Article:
Monday, June 10, 2013

Stem cell therapy cures type 1 diabetes in mice

In a study using an immune-suppressing medication and adult stem cells from healthy donors, researchers say they were able to cure type 1 diabetes in mice.


Using an immune-suppressing medication and adult stem cells from healthy donors, researchers say they were able to cure type 1 diabetes in mice.
"This is a whole new concept," said the study's senior author, Habib Zaghouani, a professor of microbiology and immunology, child health and neurology at the University of Missouri School of Medicine in Columbia, Mo.
In the midst of their laboratory research, something unanticipated occurred. The researchers expected that the adult stem cells would turn into functioning beta cells (cells that produce insulin). Instead, the stem cells turned into endothelial cells that generated the development of new blood vessels to supply existing beta cells with the nourishment they needed to regenerate and thrive.
"I believe that beta cells are important, but for curing this disease, we have to restore the [blood vessels]," Zaghouani said.

Could work in humans
It's much too early to know if this novel combination would work in humans. But the findings could stimulate new avenues of research, another expert says.
"This is a theme we've seen a few times recently. Beta cells are plastic and can respond and expand when the environment is right," said Andrew Rakeman, a senior scientist in beta cell regeneration at the Juvenile Diabetes Research Foundation (JDRF). "But, there's some work still to be done. How do we get from this biological mechanism to a more conventional therapy?"
The exact cause of type 1 diabetes, a chronic disease sometimes called juvenile diabetes, remains unclear. It's thought to be an autoimmune disease in which the body's immune system mistakenly attacks and damages insulin-producing beta cells (found in islet cells in the pancreas) to the point where they no longer produce insulin, or they produce very little insulin. Insulin is a hormone necessary to convert the carbohydrates from food into fuel for the body and brain.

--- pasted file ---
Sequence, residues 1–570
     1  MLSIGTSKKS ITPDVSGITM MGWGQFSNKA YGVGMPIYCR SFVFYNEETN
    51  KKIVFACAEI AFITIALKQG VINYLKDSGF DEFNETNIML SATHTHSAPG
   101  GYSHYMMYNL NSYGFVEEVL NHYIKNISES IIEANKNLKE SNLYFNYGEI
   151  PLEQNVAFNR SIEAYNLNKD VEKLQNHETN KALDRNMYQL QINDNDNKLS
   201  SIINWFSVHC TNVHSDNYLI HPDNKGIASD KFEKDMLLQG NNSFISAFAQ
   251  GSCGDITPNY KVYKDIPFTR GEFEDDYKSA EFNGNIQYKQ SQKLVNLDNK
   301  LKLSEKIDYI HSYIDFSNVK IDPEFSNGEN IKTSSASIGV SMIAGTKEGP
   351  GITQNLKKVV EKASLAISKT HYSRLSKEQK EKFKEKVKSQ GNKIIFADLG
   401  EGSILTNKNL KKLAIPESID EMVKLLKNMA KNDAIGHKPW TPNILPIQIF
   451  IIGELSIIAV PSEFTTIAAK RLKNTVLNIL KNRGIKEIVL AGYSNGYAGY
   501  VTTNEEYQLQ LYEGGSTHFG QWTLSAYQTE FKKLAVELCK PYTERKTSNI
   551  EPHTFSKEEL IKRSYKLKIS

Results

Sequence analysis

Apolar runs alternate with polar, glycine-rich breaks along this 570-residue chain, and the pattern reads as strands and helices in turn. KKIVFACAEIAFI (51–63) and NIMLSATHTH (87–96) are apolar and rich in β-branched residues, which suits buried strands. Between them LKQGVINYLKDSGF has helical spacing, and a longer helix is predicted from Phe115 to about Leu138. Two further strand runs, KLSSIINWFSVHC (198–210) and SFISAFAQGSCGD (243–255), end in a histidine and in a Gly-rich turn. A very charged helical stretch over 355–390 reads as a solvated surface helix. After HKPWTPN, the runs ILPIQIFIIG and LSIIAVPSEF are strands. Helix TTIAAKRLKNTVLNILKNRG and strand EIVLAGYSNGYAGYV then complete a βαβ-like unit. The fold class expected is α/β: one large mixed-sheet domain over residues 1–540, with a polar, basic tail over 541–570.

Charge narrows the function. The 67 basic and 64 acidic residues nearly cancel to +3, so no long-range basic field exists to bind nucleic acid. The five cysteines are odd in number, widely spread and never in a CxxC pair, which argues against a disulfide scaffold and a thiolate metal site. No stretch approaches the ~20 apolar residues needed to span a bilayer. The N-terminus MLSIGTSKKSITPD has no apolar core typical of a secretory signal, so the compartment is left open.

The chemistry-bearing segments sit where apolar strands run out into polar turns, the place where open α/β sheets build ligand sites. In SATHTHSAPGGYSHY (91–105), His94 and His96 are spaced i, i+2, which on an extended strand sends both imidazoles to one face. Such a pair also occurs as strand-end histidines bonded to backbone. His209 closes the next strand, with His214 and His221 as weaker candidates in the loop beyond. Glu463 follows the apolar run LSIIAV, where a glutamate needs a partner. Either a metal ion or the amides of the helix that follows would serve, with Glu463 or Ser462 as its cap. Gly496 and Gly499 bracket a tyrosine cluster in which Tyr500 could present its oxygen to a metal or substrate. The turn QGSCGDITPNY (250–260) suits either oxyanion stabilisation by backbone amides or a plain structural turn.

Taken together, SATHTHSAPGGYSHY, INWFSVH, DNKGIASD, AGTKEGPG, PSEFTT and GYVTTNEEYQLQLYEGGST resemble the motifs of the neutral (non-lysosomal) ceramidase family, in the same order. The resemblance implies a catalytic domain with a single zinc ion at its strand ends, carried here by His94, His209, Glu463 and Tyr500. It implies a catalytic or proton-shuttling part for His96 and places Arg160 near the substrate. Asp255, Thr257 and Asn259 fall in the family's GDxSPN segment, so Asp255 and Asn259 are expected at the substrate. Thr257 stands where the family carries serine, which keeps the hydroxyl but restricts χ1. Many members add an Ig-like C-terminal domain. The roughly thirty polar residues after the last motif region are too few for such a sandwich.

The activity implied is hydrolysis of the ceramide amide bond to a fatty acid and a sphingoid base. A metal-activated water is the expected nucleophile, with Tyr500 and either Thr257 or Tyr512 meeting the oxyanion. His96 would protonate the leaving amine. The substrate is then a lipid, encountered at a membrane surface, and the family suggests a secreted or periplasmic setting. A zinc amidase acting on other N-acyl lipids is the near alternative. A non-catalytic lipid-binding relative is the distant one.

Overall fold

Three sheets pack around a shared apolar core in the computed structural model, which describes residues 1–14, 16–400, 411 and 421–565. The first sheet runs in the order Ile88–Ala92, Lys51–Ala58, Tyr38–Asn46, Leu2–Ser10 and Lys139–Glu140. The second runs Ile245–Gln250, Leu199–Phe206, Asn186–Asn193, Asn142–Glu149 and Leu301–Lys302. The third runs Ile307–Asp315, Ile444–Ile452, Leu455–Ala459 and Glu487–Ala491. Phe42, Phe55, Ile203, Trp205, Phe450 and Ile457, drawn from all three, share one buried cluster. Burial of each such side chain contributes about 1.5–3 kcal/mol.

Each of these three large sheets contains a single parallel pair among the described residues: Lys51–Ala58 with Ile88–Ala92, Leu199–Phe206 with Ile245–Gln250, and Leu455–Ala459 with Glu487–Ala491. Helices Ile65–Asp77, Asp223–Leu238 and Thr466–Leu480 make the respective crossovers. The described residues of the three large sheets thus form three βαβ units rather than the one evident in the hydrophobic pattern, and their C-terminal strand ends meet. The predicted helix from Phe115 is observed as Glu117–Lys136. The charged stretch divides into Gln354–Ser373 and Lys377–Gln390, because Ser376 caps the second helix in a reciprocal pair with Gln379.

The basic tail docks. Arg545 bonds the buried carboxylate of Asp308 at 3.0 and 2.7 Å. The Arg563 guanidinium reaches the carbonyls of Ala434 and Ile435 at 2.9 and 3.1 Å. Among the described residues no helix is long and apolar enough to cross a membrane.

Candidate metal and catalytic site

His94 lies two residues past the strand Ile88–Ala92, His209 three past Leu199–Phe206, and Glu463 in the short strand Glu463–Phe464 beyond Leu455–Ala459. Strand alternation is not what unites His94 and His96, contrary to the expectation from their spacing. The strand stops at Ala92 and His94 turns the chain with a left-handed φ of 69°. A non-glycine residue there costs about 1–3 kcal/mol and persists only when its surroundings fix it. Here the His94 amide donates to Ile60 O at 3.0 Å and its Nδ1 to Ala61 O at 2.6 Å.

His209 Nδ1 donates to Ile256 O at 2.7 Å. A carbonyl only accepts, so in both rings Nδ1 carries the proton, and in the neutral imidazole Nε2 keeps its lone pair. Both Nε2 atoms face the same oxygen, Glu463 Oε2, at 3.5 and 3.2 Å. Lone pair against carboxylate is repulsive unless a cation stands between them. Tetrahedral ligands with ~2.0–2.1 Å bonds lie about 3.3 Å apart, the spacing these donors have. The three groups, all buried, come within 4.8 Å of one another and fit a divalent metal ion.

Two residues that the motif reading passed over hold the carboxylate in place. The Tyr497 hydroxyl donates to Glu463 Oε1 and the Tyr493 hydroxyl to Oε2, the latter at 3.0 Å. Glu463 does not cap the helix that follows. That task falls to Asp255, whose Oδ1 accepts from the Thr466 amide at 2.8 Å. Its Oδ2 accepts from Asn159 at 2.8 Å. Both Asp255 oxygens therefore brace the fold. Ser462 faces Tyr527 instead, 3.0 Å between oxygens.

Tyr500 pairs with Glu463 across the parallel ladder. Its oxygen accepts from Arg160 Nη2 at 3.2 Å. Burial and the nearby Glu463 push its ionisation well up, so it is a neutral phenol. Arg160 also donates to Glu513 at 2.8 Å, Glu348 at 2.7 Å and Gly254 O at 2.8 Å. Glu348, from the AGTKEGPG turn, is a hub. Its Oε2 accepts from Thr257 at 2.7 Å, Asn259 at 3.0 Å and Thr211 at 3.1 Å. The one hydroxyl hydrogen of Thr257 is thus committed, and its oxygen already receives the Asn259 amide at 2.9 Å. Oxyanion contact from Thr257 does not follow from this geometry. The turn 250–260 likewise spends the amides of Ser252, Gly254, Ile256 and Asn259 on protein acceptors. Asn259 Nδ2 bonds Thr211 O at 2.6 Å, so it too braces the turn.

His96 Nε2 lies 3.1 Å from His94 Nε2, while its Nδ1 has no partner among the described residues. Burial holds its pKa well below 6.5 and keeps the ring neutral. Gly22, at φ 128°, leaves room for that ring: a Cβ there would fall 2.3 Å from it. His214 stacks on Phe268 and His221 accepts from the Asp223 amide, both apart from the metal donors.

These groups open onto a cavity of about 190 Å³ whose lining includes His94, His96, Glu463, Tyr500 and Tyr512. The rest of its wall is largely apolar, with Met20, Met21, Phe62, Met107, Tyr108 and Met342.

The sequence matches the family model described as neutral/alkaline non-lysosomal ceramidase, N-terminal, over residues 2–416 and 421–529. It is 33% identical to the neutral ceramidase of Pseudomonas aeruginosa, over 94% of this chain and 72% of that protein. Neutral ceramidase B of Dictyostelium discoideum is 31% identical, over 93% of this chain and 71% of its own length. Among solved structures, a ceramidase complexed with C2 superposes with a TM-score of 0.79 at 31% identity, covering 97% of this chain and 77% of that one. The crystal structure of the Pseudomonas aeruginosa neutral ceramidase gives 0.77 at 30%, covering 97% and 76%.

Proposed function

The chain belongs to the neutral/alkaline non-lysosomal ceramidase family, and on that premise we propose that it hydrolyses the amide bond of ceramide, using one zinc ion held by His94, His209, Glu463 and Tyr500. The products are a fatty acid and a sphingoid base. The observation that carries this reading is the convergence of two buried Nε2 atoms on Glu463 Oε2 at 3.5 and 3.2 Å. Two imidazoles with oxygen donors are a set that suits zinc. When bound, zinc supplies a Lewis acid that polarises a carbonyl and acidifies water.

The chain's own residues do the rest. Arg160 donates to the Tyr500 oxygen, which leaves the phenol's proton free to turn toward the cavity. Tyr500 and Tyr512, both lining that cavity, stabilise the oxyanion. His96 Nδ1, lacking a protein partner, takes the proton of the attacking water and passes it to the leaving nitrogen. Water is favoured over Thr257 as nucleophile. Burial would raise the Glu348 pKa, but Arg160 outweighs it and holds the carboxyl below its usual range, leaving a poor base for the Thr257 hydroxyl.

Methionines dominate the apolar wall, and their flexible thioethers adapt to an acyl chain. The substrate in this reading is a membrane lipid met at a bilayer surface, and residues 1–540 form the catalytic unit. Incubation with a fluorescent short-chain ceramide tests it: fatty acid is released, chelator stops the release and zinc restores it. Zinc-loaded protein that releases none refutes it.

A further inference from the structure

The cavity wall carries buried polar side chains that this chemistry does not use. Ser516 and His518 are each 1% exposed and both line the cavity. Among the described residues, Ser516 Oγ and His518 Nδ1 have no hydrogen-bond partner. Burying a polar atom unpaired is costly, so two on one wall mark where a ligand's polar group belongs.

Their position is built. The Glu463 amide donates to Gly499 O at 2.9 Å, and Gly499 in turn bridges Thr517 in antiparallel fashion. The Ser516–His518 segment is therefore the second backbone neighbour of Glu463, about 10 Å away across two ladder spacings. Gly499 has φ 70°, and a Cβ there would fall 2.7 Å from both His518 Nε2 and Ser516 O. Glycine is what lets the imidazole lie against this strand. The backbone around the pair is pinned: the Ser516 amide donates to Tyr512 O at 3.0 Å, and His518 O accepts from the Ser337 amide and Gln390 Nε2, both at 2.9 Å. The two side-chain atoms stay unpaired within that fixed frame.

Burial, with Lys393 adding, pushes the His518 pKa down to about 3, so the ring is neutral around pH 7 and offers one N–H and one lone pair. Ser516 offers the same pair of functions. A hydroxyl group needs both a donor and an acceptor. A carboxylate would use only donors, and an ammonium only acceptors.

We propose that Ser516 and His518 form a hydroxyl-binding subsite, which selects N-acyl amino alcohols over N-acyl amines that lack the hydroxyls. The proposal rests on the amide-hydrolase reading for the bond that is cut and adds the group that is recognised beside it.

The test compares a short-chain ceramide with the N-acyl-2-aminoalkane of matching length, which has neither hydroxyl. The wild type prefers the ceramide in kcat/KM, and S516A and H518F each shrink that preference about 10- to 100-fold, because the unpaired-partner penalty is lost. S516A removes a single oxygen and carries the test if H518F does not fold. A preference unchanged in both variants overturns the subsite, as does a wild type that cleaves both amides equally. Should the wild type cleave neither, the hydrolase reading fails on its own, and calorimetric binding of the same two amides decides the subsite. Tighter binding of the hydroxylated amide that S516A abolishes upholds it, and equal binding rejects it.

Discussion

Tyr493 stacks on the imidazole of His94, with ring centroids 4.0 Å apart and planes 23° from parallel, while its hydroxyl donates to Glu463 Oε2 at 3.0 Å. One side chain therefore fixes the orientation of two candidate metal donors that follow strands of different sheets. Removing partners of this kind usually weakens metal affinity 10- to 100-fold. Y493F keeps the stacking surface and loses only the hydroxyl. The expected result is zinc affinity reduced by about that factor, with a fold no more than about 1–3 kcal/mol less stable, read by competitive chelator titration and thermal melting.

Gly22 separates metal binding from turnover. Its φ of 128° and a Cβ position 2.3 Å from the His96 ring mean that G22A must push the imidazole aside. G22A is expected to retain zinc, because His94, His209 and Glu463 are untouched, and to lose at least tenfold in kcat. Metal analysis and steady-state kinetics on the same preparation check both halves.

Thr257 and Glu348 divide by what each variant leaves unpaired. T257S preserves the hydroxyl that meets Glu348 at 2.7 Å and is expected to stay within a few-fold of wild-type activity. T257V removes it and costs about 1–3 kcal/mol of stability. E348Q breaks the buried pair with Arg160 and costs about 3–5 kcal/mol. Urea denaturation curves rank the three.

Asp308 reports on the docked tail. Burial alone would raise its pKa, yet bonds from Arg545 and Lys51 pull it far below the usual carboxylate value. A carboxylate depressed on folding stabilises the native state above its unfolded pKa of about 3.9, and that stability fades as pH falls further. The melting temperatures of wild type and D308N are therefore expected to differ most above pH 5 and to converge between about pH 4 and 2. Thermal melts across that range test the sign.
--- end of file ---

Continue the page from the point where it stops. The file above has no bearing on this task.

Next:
Zaghouani said he thinks the beta cell's blood vessels may just be collateral damage during the initial autoimmune attack.
Cured mice but still steps to improve
To avoid dire health consequences, people with type 1 diabetes must take insulin injections multiple times a day or obtain continuous infusions through an insulin pump. It's estimated that 3 million US children and adults have the disease, which increased by almost one-quarter in Americans under age 20 between 2001 and 2009.
Zaghouani and his colleagues previously tested a drug called Ig-GAD2 that would destroy the immune system cells responsible for destroying the beta cells. The drug worked well to prevent type 1 diabetes, but it didn't work as a therapy when type 1 diabetes was more advanced.
"This made us question whether there were enough beta cells left when the disease is advanced," said Zaghouani. After conducting bone marrow transplants, the researchers came to a surprising conclusion. "The bone marrow cells did go to the pancreas, but they didn't become beta cells; they became endothelial cells," he said. "So, the problem wasn't a lack of beta cells or their precursor, the problem was that the blood vessels that irrigate the islet cells are damaged. That was a very novel and intriguing finding."
The immune-suppressing drug was given for 10 weeks, and bone marrow transplants were given intravenously on weeks 2, 3 and 4 after the diabetes diagnosis.
The mice were cured throughout the study follow-up of 120 days, which is about the life span of a mouse, Zaghouani said.
Zaghouani said he believes the immune attack may not be ongoing, and he hopes to give the mice bone marrow transplants without the immune-suppressing drug to see if that is sufficient to cure their disease.
Rakeman explained that while current thinking is that "a cure would need to address the immune system attack and the regrowth of beta cells," some scientists suspect that the immune system might not have initially gone after healthy beta cells. It's possible that the immune system actually targeted beta cells that had already been damaged. "This is a different way of thinking how the disease develops," said Rakeman.